Grew up in Seattle. WA. Avid Seahawks fan. Avid fan of the outdoors. BYU graduate in global public health. Junior scientist with plans to attend medical school. Interested in pediatrics and research. Potentially interested in the fields of gastroenterology, endocrinology, global health or sports medicine. Fascinated by interdisciplinary approaches to solving global medical issues. Interested in joint MD programs. Currently an LSRP in the Sellers lab at Stanford University. Technical skills include working with mouse models, intestinal perfusion surgeries and qPCR. Interested in learning more techniques and expanding my knowledge and exposure in the field of medicine.

Current Role at Stanford

Life Science Research Professional

Education & Certifications

  • BS, Brigham Young University, Global Public Health (2016)


All Publications

  • High-Mobility Group Box 1 Disrupts Metabolic Function with Cigarette Smoke Exposure in a Ceramide-Dependent Manner INTERNATIONAL JOURNAL OF MOLECULAR SCIENCES Taylor, O. J., Thatcher, M. O., Carr, S. T., Gibbs, J. L., Trumbull, A. M., Harrison, M. E., Winden, D. R., Pearson, M. J., Tippetts, T. S., Holland, W. L., Reynolds, P. R., Bikman, B. T. 2017; 18 (5)


    We have previously found that cigarette smoke disrupts metabolic function, in part, by increasing muscle ceramide accrual. To further our understanding of this, we sought to determine the role of the cytokine high-mobility group box 1 (HMGB1), which is increased with smoke exposure, in smoke-induced muscle metabolic perturbations. To test this theory, we determined HMGB1 from lungs of human smokers, as well as from lung cells from mice exposed to cigarette smoke. We also treated cells and mice directly with HMGB1, in the presence or absence of myriocin, an inhibitor of serine palmitoyltransferase, the rate-limiting enzyme in ceramide biosynthesis. Outcomes included assessments of insulin resistance and muscle mitochondrial function. HMGB1 was significantly increased in both human lungs and rodent alveolar macrophages. Further testing revealed that HMGB1 treatment elicited a widespread increase in ceramide species and reduction in myotube mitochondrial respiration, an increase in reactive oxygen species, and reduced insulin-stimulated Akt phosphorylation. Inhibition of ceramide biosynthesis with myriocin was protective. In mice, by comparing treatments of HMGB1 injections with or without myriocin, we found that HMGB1 injections resulted in increased muscle ceramides, especially C16 and C24, which were necessary for reduced muscle mitochondrial respiration and compromised insulin and glucose tolerance. In conclusion, HMGB1 may be a necessary intermediate in the ceramide-dependent metabolic consequences of cigarette smoke exposure.

    View details for DOI 10.3390/ijms18051099

    View details for Web of Science ID 000404113900201

    View details for PubMedID 28531105

    View details for PubMedCentralID PMC5455007

  • LIPOPOLYSACCHARIDE DISRUPTS MITOCHONDRIAL PHYSIOLOGY IN SKELETAL MUSCLE VIA DISPARATE EFFECTS ON SPHINGOLIPID METABOLISM SHOCK Hansen, M. E., Simmons, K. J., Tippetts, T. S., Thatcher, M. O., Saito, R. R., Hubbard, S. T., Trumbull, A. M., Parker, B. A., Taylor, O. J., Bikman, B. T. 2015; 44 (6): 585–92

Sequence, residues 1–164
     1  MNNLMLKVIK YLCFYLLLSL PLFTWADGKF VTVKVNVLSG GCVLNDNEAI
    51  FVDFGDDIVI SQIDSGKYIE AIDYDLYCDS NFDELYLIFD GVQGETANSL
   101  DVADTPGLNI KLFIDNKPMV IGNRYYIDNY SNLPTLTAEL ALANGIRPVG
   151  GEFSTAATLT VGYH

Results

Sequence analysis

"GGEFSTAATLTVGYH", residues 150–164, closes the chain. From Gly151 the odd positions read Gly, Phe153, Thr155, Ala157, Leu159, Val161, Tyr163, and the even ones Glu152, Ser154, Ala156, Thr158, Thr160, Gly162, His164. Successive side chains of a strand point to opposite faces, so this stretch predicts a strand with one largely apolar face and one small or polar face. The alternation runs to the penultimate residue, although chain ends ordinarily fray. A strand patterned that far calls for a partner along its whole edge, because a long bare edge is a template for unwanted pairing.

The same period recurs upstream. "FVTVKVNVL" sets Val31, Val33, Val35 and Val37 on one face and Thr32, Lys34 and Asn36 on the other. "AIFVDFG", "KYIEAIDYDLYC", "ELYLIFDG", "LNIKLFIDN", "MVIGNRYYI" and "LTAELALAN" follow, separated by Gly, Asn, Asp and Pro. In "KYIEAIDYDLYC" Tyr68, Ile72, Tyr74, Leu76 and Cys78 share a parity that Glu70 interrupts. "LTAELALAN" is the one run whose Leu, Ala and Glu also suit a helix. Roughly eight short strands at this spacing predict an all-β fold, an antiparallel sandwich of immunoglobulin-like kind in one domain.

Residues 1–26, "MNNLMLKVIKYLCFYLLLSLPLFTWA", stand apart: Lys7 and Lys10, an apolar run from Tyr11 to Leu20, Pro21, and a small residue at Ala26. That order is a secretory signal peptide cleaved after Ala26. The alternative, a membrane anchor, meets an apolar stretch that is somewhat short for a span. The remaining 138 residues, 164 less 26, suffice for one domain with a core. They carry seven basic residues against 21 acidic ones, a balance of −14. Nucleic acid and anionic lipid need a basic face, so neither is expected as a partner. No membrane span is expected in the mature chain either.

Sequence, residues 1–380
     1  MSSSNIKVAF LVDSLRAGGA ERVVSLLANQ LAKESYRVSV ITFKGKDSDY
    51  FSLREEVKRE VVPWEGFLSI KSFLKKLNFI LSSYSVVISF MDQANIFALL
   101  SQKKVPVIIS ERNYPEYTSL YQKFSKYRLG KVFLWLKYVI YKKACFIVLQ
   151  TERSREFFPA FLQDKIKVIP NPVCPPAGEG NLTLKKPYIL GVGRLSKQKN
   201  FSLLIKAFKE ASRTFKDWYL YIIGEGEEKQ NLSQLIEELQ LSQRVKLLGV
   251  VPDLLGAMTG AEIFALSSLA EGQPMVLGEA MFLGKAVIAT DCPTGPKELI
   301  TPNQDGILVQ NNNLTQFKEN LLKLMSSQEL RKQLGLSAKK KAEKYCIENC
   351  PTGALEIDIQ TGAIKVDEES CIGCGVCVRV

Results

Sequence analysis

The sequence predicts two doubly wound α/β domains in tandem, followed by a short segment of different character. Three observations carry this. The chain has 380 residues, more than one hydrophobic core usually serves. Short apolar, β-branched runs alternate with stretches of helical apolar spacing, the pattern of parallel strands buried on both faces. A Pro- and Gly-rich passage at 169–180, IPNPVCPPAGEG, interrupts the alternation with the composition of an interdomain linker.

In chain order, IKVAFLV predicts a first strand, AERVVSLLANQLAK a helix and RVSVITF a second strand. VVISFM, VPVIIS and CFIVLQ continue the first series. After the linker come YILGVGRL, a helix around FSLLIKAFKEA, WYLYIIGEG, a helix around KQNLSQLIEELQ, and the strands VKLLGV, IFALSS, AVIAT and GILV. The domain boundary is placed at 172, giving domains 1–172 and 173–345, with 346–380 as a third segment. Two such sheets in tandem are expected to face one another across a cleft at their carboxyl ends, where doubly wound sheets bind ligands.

Lipopolysaccharides (LPS) are prevalent pathogenic molecules that are found within tissues and blood. Elevated circulating LPS is a feature of obesity and sepsis, both of which are associated with mitochondrial abnormalities that are key pathological features of LPS excess. However, the mechanism of LPS-induced mitochondrial alterations remains poorly understood. Herein we demonstrate the necessity of sphingolipid accrual in mediating altered mitochondrial physiology in skeletal muscle following LPS exposure. In particular, we found LPS elicited disparate effects on the sphingolipids dihydroceramides (DhCer) and ceramides (Cer) in both cultured myotubes and in muscle of LPS-injected mice. Although LPS-treated myotubes had reduced DhCer and increased Cer as well as increased mitochondrial respiration, muscle from LPS-injected mice manifested a reverse trend, namely elevated DhCer, but reduced Cer as well as reduced mitochondrial respiration. In addition, we found that LPS treatment caused mitochondrial fission, likely via dynamin-related protein 1, and increased oxidative stress. However, inhibition of de novo sphingolipid biosynthesis via myriocin protected normal mitochondrial function in spite of LPS, but inhibition of DhCer desaturase 1, which increases DhCer, but not Cer, exacerbated mitochondrial respiration with LPS. In an attempt to reconcile the incongruent effects of LPS in isolated muscle cells and whole muscle tissue, we incubated myotubes with conditioned medium from treated macrophages. In contrast to direct myotube LPS treatment, conditioned medium from LPS-treated macrophages reduced myotube respiration, but this was again mitigated with sphingolipid inhibition. Thus, macrophage sphingolipid production appears to be necessary for LPS-induced mitochondrial alterations in skeletal muscle tissue.

    View details for DOI 10.1097/SHK.0000000000000468

    View details for Web of Science ID 000365673700011

    View details for PubMedID 26529656

    View details for PubMedCentralID PMC4851226

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